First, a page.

Last Thursday, our team went to Split Rail Tavern to celebrate the release of our September Edible West Chester issue. Over 100 people were in attendance, and shared a ton of delicious food together, including pasta and their Buffalo chicken wings, (featured in “The War of the Wings”). I spoke with Lea Blumenthal, one of the managers at Split Rail, about her thoughts on our issue.
This was Split Rail’s first time hosting a release party for us, though they have sponsored the Bartender’s Ball in the past. In preparation for our party, James Mullally, the bar manager, and Aaron Guildin of Beam Suntory collaborated to produce a fantastic cocktail list for the evening.
- Rye Rye Birdie — Knob Creek Rye, Luxardo Marachino liquor, Caroabi Antica Sweet Vermouth, and Orange Bitters.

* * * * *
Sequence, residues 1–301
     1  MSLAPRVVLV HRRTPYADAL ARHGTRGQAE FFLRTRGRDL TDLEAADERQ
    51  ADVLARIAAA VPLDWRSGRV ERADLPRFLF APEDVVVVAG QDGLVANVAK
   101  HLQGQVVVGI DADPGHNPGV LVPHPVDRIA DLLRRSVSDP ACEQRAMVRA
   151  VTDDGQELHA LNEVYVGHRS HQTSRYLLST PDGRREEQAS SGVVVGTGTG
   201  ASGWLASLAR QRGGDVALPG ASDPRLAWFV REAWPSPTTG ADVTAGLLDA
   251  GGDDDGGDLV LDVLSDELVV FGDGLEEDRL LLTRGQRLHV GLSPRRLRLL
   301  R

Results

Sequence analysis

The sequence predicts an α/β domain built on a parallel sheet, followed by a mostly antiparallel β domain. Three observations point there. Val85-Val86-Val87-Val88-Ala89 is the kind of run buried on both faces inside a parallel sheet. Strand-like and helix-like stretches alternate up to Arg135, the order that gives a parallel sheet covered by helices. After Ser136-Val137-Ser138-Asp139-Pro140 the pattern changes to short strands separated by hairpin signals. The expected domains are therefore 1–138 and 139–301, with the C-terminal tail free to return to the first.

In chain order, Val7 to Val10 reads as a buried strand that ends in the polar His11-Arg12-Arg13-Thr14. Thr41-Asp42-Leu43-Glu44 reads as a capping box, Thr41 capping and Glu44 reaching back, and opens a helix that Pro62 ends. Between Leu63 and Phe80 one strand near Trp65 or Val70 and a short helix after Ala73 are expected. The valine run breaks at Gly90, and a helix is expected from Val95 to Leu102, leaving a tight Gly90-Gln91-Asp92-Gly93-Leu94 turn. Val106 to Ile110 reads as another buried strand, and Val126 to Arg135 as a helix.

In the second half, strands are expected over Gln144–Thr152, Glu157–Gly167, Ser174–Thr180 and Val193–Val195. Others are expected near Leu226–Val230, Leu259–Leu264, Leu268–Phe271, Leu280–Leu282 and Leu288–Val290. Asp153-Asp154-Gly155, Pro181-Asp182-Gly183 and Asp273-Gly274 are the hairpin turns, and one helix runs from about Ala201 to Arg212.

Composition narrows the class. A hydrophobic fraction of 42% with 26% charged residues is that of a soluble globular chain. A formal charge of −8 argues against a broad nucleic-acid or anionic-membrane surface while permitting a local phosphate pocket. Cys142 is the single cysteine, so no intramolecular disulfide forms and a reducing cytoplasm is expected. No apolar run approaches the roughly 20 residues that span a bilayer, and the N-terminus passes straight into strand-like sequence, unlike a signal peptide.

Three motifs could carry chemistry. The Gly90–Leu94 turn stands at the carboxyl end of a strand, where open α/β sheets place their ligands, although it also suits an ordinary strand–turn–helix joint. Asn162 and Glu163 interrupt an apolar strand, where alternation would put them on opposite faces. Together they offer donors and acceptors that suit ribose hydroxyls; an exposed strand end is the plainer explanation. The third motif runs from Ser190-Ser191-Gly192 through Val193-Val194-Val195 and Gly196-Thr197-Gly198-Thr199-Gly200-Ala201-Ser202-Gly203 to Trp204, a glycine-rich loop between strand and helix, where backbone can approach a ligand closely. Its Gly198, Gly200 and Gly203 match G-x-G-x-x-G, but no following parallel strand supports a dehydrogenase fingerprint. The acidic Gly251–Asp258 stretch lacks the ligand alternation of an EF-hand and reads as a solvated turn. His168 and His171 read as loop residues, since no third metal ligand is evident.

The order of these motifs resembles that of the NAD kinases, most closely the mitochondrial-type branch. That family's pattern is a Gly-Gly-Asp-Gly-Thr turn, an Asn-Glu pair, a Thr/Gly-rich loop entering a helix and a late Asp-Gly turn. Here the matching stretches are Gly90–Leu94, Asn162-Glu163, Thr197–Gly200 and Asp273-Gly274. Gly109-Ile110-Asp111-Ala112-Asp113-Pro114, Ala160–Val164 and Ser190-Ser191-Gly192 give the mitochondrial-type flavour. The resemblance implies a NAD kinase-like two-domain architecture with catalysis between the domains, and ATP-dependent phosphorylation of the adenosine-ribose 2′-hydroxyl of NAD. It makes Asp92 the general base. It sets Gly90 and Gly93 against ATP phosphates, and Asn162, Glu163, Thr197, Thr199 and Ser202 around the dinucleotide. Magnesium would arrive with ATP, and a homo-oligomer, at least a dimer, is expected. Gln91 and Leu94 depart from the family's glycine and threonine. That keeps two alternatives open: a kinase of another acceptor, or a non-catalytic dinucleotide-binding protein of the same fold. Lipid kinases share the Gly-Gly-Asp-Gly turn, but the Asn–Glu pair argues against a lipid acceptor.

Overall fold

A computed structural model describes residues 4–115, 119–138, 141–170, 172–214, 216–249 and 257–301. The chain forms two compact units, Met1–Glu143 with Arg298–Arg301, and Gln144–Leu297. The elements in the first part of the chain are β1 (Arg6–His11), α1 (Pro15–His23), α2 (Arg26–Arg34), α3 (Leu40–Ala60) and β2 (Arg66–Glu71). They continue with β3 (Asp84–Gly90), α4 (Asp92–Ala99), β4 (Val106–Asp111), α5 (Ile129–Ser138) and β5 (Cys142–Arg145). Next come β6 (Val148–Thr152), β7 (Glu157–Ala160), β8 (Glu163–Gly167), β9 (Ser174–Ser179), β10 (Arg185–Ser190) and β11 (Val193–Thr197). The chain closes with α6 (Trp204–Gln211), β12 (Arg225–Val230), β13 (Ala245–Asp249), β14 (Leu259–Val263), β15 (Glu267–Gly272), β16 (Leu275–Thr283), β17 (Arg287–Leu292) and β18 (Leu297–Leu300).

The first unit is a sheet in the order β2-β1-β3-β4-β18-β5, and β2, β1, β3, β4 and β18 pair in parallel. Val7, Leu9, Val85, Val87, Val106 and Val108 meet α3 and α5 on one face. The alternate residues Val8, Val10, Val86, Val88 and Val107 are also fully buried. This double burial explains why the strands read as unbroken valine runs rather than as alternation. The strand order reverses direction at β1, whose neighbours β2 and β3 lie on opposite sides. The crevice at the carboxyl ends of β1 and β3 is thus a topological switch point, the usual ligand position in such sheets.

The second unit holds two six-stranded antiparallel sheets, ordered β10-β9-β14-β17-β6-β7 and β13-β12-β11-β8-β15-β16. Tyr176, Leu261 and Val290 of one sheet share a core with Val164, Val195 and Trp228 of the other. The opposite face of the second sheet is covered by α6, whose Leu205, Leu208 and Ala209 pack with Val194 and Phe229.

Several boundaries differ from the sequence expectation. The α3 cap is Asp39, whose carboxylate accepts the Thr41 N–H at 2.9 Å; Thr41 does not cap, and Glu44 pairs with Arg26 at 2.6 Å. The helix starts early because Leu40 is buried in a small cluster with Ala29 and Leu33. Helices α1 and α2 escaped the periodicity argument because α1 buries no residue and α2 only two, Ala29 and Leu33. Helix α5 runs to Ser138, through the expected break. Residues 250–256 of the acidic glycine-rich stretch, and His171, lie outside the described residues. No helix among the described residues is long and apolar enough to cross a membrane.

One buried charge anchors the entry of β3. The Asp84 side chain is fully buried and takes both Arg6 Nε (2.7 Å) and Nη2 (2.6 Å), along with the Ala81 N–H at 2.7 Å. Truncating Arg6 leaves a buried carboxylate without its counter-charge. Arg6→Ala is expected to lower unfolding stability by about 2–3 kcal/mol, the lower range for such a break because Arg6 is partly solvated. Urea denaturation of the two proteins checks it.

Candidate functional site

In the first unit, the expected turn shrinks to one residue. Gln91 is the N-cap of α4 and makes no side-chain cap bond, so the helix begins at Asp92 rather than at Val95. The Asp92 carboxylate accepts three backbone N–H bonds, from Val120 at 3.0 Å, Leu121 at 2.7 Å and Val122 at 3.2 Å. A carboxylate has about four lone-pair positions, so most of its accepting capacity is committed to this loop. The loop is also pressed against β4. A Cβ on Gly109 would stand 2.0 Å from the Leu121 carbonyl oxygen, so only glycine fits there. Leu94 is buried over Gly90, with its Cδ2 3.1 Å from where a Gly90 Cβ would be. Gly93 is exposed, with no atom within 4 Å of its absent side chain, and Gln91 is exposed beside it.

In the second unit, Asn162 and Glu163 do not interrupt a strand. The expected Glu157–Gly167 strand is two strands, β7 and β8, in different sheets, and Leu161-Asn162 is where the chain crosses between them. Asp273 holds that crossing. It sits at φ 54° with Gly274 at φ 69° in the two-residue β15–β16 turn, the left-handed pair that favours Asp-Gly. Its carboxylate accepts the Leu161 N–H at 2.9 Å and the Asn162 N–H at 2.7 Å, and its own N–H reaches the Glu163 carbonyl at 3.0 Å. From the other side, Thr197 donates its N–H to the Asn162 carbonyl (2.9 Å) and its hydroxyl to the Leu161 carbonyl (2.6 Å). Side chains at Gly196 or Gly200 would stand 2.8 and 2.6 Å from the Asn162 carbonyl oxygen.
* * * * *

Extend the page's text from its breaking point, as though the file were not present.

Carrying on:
- Beam Me Up Scotchy — Basil Hayden’s Bourbon, Laphroaig, Select, Averna Amaro, Punt e Mes, Benedictine, and Black Walnut and Cherry Bitters.
- Paper Plane — Jim Beam Bourbon, Averna Amaro, Carpano Antica, and Lemon Juice.
- New Yorkdale Sour — Jim Beam Bourbon, Lemon, Simple Syrup, Egg White, topped with red wine.
According to Lea, Rye Rye Birdie is their most popular drink. While they always have that cocktail and Paper Plane on their menu, they don’t always have the others, though they have the means to make it if a customer ordered it.
Lea has been the manager at Split Rail for two years already and loves the work.
“Everybody is super friendly and I feel like I’ve gotten to know so many people,” she said. “It’s pretty remarkable when I go around and I realize how many people I know and have met.”
The restaurant industry isn’t for the faint of heart. You have to incorporate a passion for the business with the ability to cope with ever-changing situations, even if you’re working on weekends and holidays.
“Those are some of the best times ever, when things don’t go as planned,” Lea noted. “Any time where you’re really in a bind and have to think on your feet are some of the times where we come up with the coolest things, as far as food, cocktails, and parties go.”